Launch NetInfo Manager which you’ll find in your root Utilities folder. Click the little padlock and enter your admin password (the one you selected when you first setup the computer) Then select enable root user from the Security menu. Now you can logout and when the login window comes back up, use root as your username and the admin. GUI root access!

Having said that, I’ll leave a disclaimer pointing out that the root user gets no handholding or warnings when they try to delete essential files or make catastrophic changes. Be absolutely cautious and when in doubt… don’t. You can still consider yourself a poweruser without ever using this technique.

Precisely. The UNIX philosophy on the matter runs thusly: “User knows best, and superuser knows all.”

If you want to completely hose your filesystem as root, the OS will not only let you, it will help you for as long as it can.

If you want to install Microsoft products on your machine as root, the OS won’t complain, but you’ll open yourself up to the same attacks Windows users already face.

The OS will give you free reign over whatever you own. When you’re not root, you don’t own the hard drive’s filesystem and you don’t own the essential system files, so you can’t stomp them. When you are root, you do.

So, what general rule to pull from all this? Only become root when there’s no other way to accomplish the task. Never run an untrusted program as root, and never install a program as root unless the program needs to be installed with root’s permissions. And even then, be wary. Part of being a poweruser is using the power of root intelligently.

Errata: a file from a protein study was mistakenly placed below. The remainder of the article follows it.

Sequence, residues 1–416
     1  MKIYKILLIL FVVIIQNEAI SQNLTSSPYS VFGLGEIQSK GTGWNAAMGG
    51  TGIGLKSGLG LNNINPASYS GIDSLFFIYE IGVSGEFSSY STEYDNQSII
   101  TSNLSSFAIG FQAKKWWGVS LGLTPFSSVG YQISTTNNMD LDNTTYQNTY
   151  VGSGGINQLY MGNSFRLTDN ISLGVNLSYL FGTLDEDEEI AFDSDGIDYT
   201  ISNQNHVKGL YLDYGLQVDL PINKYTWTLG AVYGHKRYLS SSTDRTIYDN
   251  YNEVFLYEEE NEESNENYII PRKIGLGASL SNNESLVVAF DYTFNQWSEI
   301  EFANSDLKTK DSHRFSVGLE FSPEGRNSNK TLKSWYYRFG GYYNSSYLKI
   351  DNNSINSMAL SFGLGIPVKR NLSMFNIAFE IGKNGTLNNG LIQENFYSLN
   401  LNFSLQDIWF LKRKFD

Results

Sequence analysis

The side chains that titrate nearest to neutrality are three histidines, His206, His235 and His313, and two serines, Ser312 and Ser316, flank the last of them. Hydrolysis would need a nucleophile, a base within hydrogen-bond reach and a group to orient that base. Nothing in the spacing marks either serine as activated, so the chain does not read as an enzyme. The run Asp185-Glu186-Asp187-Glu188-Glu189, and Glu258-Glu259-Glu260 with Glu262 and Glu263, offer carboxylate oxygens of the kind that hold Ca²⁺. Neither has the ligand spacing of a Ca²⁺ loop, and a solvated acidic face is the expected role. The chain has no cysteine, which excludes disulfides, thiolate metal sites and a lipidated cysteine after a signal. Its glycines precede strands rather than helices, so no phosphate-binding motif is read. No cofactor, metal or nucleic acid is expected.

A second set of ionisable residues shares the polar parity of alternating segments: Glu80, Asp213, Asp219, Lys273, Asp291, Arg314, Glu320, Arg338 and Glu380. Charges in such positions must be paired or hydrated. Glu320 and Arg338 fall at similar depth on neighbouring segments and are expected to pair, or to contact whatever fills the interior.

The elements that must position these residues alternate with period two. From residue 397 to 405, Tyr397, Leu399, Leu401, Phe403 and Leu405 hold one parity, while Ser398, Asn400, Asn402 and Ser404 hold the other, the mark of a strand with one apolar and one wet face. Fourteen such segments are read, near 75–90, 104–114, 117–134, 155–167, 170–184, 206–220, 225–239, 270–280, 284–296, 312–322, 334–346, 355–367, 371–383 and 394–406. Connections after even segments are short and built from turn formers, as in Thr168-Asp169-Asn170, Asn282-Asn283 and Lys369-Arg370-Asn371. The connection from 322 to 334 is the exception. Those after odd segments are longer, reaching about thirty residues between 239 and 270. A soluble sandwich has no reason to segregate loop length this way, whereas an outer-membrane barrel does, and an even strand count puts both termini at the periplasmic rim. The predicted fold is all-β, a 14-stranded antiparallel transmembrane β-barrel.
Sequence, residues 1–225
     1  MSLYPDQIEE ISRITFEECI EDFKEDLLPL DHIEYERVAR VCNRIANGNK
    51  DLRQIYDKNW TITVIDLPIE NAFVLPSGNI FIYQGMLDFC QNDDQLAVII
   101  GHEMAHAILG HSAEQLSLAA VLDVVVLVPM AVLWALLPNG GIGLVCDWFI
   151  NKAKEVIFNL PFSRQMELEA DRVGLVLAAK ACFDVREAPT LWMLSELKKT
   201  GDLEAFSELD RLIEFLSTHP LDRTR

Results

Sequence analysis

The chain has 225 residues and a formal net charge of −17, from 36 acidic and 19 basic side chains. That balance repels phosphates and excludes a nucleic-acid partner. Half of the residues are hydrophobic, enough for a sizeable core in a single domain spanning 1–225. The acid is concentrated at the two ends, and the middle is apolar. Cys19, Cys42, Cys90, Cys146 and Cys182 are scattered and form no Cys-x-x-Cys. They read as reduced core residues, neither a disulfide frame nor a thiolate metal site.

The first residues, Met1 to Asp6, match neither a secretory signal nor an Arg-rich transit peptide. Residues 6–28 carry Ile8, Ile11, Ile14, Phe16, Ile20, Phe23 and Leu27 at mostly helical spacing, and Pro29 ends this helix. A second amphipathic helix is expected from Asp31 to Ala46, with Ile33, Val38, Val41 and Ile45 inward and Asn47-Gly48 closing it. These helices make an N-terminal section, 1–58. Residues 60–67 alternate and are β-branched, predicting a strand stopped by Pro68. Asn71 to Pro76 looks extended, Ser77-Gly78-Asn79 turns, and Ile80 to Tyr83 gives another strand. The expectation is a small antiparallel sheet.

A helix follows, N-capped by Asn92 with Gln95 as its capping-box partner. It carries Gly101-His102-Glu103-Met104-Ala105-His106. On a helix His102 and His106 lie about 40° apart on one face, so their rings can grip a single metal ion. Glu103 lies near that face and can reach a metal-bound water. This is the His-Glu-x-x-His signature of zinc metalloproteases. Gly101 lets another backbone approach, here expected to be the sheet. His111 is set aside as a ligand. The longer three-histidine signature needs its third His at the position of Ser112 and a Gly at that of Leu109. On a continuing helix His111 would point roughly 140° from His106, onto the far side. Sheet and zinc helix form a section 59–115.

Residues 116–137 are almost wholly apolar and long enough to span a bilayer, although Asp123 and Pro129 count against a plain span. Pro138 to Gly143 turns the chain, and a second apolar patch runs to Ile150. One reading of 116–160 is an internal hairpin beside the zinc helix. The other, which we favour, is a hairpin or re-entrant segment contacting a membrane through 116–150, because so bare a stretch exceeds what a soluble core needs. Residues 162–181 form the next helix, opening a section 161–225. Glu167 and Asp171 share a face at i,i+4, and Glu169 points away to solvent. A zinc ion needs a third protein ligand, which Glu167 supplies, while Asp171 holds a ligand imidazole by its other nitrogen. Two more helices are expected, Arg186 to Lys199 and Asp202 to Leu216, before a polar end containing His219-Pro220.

I think you don’t even need to enable root in NetInfo Manager unless you want to log in to the graphical interface as root. Doing “sudo su” works on virgin systems if all you need is command line access. And of course if you startup in single-user mode, you’re the machine’s god. But for that you need physical access, so if it’s a concern you can password protect open-firmware. Of course if your hard drive is stolen, you’ll still be subject to data theft. So supposedly Mac OS X 10.3 will encrypt entire users’ home folders.

Sorry, one thing led to another there.

Oh dear… lots of good information here, thanks all…but also lots of scary info and confusing terminology.

I think I’m going ot have to crack the books. There’s nothing more annoying than having to be afraid of myself on my computer. (For instance…I have no idea who I am right now. Root? Not Root? how the hell can I even tell? I just boot up and start working…)

If you have to ask, you’re Not Root. When you first fired up the computer, if you’ll recall, it asked you to create an account. If you don’t remember the name, it’s the name of your home directory. If you haven’t done anything to change it, that account is who you are. That first account isn’t quite the root account, but it is a privelidged account. You know how when you download a lot of software (like Apple’s own System Updates) it asks you to re-enter your password? That’s so it can get root access to do whatever it needs. On the GUI level, it only uses the root access to install that particular piece of software; if you were logged in as root, it wouldn’t need to ask.

The upshot is that if you (or a program you run) tries to do anything really harmful, you’ll be asked for your password. If you don’t know why it wants your password, don’t give it. Presto, instant security. A virus, say, can’t trash your system files, and might not even be able to exert enough control to propagate itself (I’m not sure about this part). It can still wreak havok on the files you personally own, but that’s all it can do.